While these developments, ambitious as they are, represent the current trends and habits of users, Facebook is readying itself for what will come further down the line – namely, the expected explosion into virtual reality (VR) and artificial intelligence (AI). It acquired Oculus VR – a tech firm that specialises in virtual reality hardware and software products – for $2.3bn in 2014. It partnered with Samsung to develop the Samsung Gear VR headset, before launching its own Oculus Go headset in October this year, which will be available for retail in 2018 and will come with its own platform, Facebook Spaces.
While Labin admits it’s a longer-term project, he says Facebook is ready to embrace the rush when it happens.
“AI, along with augmented and virtual reality and connectivity, will play a key role. We have great products, but there is still a lot to be done, technology-wise, on the product experience. That’s why it’s part of our long-term vision, because there’s still so much room from a technology point of view to do even more. But over the next five to ten years I’m very excited, personally as well, about virtual reality.”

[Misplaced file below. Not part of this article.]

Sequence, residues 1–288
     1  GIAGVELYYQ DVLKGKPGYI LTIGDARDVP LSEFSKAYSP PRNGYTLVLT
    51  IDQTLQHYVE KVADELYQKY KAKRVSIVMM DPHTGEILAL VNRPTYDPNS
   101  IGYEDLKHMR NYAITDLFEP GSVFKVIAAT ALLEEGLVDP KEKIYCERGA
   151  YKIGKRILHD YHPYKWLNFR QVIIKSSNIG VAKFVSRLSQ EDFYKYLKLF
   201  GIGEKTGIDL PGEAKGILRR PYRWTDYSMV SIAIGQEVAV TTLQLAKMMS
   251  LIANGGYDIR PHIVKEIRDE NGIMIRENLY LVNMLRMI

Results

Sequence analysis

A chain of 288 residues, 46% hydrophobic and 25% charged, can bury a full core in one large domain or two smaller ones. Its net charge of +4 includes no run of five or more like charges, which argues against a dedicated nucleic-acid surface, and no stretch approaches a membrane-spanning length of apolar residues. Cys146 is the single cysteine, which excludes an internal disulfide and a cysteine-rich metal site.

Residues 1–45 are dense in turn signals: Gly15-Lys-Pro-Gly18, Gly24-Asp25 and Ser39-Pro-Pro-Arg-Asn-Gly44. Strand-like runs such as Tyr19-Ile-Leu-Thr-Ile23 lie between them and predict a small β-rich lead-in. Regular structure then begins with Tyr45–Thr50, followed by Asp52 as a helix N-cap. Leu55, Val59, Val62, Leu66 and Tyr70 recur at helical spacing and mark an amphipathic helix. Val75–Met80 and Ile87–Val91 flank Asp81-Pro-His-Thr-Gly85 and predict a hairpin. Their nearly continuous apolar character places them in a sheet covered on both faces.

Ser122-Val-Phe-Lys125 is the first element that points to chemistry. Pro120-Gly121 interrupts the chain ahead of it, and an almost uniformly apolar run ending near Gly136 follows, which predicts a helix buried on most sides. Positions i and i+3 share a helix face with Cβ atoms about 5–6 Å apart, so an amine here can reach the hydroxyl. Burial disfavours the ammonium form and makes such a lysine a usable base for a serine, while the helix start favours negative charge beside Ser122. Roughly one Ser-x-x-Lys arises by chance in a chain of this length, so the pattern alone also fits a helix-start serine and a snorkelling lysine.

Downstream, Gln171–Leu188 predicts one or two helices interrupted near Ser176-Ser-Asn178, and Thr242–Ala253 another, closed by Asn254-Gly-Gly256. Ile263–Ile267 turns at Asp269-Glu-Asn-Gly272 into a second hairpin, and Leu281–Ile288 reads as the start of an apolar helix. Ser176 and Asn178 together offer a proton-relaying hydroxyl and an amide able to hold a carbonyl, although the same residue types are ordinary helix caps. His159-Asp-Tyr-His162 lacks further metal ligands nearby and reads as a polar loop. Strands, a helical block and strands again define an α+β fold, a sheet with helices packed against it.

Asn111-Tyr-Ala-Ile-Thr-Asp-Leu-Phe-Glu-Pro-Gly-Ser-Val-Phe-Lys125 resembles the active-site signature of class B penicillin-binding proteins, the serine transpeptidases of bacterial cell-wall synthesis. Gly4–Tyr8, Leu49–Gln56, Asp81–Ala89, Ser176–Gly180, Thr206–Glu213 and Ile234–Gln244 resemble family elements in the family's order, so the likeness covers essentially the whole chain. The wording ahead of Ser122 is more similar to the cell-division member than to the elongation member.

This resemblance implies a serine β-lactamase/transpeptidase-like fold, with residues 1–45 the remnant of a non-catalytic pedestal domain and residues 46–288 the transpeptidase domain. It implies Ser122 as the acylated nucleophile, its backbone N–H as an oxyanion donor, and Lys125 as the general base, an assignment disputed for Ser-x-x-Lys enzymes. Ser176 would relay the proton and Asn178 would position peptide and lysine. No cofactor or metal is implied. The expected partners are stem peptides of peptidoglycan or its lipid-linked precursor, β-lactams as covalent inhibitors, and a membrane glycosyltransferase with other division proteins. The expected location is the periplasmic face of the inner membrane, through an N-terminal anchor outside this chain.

Augmented reality (AR) is the other game changer. Facebook announced at the company’s F8 developer conference in April that it would transform its smartphone cameras to allow third-party developers to build digital effects that will be layered atop what you see through your camera. In plain terms, they will be the filters that you presently see on Instagram and Snapchat.
Though the possibilities for AR are endless, and have yet to touch our lives as profoundly as they surely will, large organisations have already started to embrace the new tech, if only for the novelty factor. World football governing body FIFA, for example, used an AR face-painting feature for fans during the Confederations Cup. Nissan used the same feature for college football fans.